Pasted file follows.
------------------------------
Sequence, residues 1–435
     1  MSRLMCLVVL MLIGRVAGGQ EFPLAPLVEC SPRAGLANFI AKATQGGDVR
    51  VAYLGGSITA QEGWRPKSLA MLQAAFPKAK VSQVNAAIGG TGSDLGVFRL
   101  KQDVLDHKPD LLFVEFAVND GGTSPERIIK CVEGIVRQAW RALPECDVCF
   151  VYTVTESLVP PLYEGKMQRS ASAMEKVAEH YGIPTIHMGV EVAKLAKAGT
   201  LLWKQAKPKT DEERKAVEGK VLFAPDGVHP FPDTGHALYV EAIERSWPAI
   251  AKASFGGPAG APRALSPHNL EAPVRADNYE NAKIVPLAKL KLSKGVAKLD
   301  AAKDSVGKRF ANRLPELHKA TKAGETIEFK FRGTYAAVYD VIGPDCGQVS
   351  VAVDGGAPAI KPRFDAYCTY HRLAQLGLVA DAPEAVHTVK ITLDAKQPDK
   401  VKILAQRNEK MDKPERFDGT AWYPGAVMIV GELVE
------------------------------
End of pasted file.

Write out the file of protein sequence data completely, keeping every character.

Sequence, residues 1–435
     1  MSRLMCLVVL MLIGRVAGGQ EFPLAPLVEC SPRAGLANFI AKATQGGDVR
    51  VAYLGGSITA QEGWRPKSLA MLQAAFPKAK VSQVNAAIGG TGSDLGVFRL
   101  KQDVLDHKPD LLFVEFAVND GGTSPERIIK CVEGIVRQAW RALPECDVCF
   151  VYTVTESLVP PLYEGKMQRS ASAMEKVAEH YGIPTIHMGV EVAKLAKAGT
   201  LLWKQAKPKT DEERKAVEGK VLFAPDGVHP FPDTGHALYV EAIERSWPAI
   251  AKASFGGPAG APRALSPHNL EAPVRADNYE NAKIVPLAKL KLSKGVAKLD
   301  AAKDSVGKRF ANRLPELHKA TKAGETIEFK FRGTYAAVYD VIGPDCGQVS
   351  VAVDGGAPAI KPRFDAYCTY HRLAQLGLVA DAPEAVHTVK ITLDAKQPDK
   401  VKILAQRNEK MDKPERFDGT AWYPGAVMIV GELVE